China has responded to a new complaint made against it at the World Trade Organization (WTO) by Australia by filing its own grievance with the body accusing Canberra of anti-competitive behavior.
Beijing has issued a complaint against anti-dumping tariffs introduced by Australia on stainless steel sinks, wind towers and railway wheels, Australian trade minister Dan Tehan confirmed.
While he would not speculate on the reasoning behind the move, he did note the timing of the complaint, coming just days after Australia took its own action against new wine import tariffs imposed by Beijing.
Mr Tehan also observed the tariffs China is now objecting to have been in place for several years without comment. "Two of the measures were put in place in 2014 and 2015, with regards to wind towers and stainless-steel sinks … the other measure was put in place in 2019, and that was the railway wheels," he stated.
The minister also said the Australian government had been surprised by China's complaint as it had come with no warning. The normal process for such matters would involve notification through the relevant WTO committee or bilateral channels, but Canberra has seen none of this.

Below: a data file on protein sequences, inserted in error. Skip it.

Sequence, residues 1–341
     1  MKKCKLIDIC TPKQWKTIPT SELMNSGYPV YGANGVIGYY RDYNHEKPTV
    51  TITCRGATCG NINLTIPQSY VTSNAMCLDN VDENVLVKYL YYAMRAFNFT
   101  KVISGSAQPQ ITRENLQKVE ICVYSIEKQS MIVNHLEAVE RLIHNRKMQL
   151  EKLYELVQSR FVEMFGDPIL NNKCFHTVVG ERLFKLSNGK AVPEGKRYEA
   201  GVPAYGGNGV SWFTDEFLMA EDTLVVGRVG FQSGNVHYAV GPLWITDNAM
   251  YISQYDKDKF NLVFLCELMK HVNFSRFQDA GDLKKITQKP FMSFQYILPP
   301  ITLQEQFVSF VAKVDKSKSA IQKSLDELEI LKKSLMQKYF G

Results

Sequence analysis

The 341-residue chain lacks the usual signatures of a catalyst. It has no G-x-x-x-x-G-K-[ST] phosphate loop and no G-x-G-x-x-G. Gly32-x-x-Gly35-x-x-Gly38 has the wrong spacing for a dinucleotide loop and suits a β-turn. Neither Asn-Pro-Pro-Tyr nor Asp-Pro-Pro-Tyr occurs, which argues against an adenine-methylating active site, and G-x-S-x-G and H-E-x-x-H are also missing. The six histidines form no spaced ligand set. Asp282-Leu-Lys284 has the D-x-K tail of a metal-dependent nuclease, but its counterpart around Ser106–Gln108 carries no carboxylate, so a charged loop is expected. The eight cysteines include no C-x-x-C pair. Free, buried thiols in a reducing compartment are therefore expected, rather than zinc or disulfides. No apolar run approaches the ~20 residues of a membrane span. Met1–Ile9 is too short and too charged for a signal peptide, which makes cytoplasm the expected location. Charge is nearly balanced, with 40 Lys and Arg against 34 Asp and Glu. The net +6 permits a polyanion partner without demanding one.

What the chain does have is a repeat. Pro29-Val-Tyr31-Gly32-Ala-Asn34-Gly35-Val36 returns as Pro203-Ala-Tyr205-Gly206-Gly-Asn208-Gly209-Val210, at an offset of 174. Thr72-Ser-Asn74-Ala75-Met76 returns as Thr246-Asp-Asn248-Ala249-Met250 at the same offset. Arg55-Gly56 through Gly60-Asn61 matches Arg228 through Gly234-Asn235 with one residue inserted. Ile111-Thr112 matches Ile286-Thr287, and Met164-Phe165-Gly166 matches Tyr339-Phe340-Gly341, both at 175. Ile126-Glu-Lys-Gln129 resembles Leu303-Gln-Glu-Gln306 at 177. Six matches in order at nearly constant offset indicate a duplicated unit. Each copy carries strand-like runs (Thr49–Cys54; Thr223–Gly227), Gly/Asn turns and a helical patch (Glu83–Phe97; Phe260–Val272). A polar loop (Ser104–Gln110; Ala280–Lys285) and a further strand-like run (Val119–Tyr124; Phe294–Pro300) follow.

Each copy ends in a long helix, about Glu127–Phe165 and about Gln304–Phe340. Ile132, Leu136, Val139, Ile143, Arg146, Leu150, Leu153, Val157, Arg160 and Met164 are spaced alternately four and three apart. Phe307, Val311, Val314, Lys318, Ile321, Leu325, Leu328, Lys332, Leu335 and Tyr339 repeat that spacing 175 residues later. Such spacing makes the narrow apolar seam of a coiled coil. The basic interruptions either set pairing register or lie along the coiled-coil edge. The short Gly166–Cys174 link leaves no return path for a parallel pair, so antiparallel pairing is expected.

Meanwhile, another government source told Australia's ABC News it was "obvious" the complaint is a tit-for-tat retaliatory measure by Beijing.
In a news briefing, Chinese commerce ministry spokesman Gao Feng defended the move, arguing that it is necessary to protect the rights of Chinese companies.
"We hope that Australia will take concrete actions to correct its wrong practices, avoid distortions in the trade of related products, and bring such trade back to the normal track as soon as possible," he said.
Mr Tehan, meanwhile, added that Australia will "vigorously defend" its anti-dumping duties, which he said were introduced following a rigorous process of due diligence and market analysis to ensure they are consistent with WTO rules.